What is a 100-Year Rainfall Event?

Understanding the Extremes

by Carrie Brown, Engineering Technician

How often does a “100-year rainfall event” occur? It turns out that the answer is a bit more complicated than you might think.

It is a common misconception that a “100-year flood” happens once in 100 years. The term can be quite deceiving when taken at face value. In fact, it is possible for two 100-year storms to occur 50, 25, or even one year apart. Let’s break down the terminology a bit and discuss what “100-year” is actually referring to.

What is a flood?

Flooding occurs when water overflows onto land that isn’t typically inundated. Floods can result from large rain events, waves from a large body of water coming onto land, rapid snow melt, or when an artificial barrier breaks (such as a dam).

A flash flood results when heavy rainfall falls at a faster rate than can be absorbed into the ground or stored in a reservoir or lake. Similar to a sponge, the ground eventually becomes saturated, and remaining water is left to flow on the surface. Large impervious areas, such as parking lots, roads, and building roofs, can cause water to accumulate even faster. Flash flood events can be particularly dangerous as there may be inadequate time to warn (and in some cases, evacuate) the public residing within the flooded area.

A floodplain is the portion of a valley that has historically been inundated by overflowing streams, creeks, and rivers. Consequently, these areas have a higher chance of experiencing flood conditions. The Federal Emergency Management Agency (FEMA) and other government agencies have mapped out these areas affected by past flooding events. These maps are often used to determine flood insurance requirements or to aid communities in regulating future development. Permits are needed for development within a FEMA regulated floodplain. Floodplain maps can be found at the FEMA Flood Map Service Center.

At Fairfield SWCD, we engineer grassed waterways and stabilization structures, such as the timber box seen above, to handle large rain events. Waterways help to filter water and prevent soil erosion.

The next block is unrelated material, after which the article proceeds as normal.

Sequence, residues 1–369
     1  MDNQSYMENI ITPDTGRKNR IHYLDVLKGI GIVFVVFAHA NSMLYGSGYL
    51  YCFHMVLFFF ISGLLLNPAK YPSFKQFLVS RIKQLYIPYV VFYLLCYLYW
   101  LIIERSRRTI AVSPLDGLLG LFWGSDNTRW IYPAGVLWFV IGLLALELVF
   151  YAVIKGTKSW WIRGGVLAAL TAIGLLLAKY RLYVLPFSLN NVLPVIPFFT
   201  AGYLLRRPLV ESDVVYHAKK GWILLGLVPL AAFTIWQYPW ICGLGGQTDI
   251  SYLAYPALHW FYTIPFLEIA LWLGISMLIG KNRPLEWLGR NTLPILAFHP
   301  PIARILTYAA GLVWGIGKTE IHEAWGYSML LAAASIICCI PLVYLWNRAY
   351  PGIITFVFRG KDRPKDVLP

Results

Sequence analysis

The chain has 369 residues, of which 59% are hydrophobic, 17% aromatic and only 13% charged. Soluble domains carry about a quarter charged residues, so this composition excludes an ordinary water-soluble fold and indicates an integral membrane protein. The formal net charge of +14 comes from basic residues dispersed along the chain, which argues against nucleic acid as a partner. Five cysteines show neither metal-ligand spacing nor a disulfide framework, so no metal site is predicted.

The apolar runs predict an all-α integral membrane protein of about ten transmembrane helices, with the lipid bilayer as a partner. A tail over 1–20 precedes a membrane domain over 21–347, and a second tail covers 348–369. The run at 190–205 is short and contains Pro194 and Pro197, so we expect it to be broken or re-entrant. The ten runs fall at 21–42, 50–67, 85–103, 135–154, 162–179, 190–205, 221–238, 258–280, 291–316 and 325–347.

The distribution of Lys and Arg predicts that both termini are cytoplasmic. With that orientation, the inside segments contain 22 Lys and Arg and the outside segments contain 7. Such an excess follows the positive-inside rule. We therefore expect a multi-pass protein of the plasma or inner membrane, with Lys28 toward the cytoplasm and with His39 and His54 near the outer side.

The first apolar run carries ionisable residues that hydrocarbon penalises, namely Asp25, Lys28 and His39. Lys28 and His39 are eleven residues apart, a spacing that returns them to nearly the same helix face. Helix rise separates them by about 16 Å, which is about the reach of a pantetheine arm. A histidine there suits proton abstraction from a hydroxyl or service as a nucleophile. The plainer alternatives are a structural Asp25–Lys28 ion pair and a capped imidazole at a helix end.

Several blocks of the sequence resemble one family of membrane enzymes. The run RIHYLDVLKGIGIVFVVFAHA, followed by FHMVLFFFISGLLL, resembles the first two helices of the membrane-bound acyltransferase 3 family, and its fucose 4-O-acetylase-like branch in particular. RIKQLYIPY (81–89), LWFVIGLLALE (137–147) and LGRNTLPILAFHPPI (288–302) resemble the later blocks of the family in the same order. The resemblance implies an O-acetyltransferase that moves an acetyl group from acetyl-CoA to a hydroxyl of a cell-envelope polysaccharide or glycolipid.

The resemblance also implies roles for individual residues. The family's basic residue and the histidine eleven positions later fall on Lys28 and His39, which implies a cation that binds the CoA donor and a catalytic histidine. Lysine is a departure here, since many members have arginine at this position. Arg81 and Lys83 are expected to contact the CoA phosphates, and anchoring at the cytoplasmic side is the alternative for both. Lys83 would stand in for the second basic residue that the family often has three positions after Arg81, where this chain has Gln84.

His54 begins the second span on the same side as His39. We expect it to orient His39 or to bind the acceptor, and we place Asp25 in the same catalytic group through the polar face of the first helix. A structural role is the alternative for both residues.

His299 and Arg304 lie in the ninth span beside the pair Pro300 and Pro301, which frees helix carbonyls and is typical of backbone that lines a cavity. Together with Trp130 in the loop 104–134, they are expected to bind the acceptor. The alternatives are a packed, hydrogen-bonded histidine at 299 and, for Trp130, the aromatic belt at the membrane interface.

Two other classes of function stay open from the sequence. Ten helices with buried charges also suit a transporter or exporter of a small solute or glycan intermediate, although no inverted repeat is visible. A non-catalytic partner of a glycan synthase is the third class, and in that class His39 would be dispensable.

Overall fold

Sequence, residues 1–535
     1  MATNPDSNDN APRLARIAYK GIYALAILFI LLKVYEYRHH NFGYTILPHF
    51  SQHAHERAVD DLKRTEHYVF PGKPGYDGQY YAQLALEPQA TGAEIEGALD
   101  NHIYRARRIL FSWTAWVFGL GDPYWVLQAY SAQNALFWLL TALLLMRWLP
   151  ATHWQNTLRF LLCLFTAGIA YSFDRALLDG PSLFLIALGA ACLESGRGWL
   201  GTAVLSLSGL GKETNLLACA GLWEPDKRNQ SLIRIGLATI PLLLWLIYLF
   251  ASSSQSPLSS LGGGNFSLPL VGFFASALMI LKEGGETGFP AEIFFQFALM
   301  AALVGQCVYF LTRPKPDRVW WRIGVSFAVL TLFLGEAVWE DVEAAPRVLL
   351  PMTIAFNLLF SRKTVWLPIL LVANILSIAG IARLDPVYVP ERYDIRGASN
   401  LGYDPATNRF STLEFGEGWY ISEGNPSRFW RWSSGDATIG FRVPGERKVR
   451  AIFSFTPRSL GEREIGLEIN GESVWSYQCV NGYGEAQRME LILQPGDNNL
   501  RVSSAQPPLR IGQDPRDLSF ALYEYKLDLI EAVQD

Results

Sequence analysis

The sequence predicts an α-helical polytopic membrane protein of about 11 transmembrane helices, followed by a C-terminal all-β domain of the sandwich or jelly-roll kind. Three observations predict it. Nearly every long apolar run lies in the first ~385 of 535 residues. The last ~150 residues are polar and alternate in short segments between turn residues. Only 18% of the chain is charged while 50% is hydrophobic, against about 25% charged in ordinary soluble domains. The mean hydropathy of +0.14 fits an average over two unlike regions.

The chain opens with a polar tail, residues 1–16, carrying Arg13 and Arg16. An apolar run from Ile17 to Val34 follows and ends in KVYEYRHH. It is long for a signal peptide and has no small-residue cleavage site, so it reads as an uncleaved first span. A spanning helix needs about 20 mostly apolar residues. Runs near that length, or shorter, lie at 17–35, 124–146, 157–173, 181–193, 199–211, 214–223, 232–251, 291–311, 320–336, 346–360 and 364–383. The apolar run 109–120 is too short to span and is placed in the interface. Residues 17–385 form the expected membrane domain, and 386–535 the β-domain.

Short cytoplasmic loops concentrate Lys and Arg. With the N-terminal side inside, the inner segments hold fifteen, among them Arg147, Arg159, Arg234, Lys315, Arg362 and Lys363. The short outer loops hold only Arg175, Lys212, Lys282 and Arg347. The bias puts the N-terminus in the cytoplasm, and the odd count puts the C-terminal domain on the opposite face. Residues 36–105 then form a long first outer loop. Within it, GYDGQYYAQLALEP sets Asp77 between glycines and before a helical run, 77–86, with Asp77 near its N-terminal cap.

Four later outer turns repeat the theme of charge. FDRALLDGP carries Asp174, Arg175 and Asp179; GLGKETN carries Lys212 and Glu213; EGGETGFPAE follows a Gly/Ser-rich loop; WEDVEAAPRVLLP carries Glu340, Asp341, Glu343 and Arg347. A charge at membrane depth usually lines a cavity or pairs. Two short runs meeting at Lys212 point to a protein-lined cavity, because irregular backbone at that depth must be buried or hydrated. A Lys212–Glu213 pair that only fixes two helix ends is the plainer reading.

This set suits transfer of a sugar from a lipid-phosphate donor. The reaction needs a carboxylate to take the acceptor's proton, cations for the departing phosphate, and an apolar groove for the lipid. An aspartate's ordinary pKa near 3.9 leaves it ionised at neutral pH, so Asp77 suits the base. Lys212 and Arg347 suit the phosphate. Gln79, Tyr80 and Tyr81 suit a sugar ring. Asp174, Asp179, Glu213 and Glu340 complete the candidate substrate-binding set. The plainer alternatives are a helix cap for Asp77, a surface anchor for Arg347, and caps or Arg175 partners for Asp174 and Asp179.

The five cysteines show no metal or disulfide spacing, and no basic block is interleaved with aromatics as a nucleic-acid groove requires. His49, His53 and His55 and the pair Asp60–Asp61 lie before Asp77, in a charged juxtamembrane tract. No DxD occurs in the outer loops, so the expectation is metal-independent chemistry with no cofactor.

What is a 100-year rainfall event?

As defined by the National Weather Service, “a 100-year rainfall event (or more accurately the 100-year rainfall amount for a specified duration and at a given location) is an amount that on average is exceeded every 100 years, so its average recurrence interval is 100 years.” This means that it has a 1% chance of occurring in any given year. The actual number of years between flooding events can vary dramatically; it can happen twice in one year, three times in 50 years, or any interval in between.

Similarly, a 50-year rainfall event has a 1 in 50 or 2% chance of occurring in a year.

Now you can see why it is incorrect to take these terms literally since the average recurrence interval is simply an average.

Recurrence Intervals & Probabilities of Occurrences

Recurrence intervals in yearsProbability of occurrence in any given yearPercent chance of occurrence in any given year
1001 in 1001%
501 in 502%
251 in 254%
101 in 1010%
51 in 520%
21 in 250%

How much rain is in a 100-year rainfall event?

The amount of rain that “qualifies” for a 100-year rainfall is determined by studying past floods. Scientists use statistics to observe the frequency of large rain events and the average number of years between these events. From this they determine the probability that a flood of any given size will take place within a year.

As you might expect, these rainfall amounts vary based on location. The document below, produced by the National Oceanic and Atmospheric Administration (NOAA), shows the average recurrence interval for rainfall durations, ranging from 5-minutes to 60-days for Lancaster, Ohio.

The Precipitation Frequency Estimate can be selected for any location within the United States.


Can the amount of rainfall designated as a 100-year rainfall event change for a given location?

Yes, many flood designations will change over time. When a river basin is altered, including dams or changes in upstream urban development (and increased impervious surfaces), scientists then reevaluate the frequency of flooding and the amount of damage it could produce. This new data may be used to alter a location’s precipitation frequency estimates.

Want to learn more?

Check out the following resources for more information on floods, floodplains, and rainfall events.

Local Information

Fairfield County Regional Planning Commission: Floodplains

City of Lancaster Floodplain Information

City of Pickerington Floodplain Information

General Information

FEMA Map Service Center

National Weather Service’s Hydrometeorological Design Studies Center

USGS: The 100-Year Flood

USGS: Daily Streamflow Conditions

Community Collaborative Rain, Hail & Snow Network